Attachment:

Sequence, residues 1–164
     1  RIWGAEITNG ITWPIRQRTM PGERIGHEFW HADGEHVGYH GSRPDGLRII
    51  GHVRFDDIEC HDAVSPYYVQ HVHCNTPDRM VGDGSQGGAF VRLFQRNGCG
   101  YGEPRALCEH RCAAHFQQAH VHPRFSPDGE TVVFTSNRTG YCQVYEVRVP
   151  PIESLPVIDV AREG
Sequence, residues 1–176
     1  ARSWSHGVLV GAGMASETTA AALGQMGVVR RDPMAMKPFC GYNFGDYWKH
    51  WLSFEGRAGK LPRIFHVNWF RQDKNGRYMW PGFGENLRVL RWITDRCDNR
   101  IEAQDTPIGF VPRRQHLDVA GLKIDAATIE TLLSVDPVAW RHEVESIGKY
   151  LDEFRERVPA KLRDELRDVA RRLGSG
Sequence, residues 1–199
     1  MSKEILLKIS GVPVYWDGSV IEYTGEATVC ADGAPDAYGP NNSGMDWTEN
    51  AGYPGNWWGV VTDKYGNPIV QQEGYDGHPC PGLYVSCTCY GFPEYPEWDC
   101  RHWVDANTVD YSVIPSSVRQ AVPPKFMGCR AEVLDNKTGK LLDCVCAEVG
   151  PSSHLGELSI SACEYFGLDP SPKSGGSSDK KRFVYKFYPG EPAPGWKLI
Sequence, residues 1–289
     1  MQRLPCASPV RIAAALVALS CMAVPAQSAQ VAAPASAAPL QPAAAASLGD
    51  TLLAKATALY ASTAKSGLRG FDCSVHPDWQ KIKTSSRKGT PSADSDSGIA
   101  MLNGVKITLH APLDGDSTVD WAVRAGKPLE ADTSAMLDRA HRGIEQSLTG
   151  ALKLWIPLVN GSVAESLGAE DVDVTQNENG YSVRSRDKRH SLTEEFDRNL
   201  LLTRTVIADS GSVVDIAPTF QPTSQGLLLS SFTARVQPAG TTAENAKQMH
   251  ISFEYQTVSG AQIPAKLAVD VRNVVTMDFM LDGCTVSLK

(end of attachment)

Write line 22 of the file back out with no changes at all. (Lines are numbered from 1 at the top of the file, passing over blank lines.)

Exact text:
   251  ISFEYQTVSG AQIPAKLAVD VRNVVTMDFM LDGCTVSLK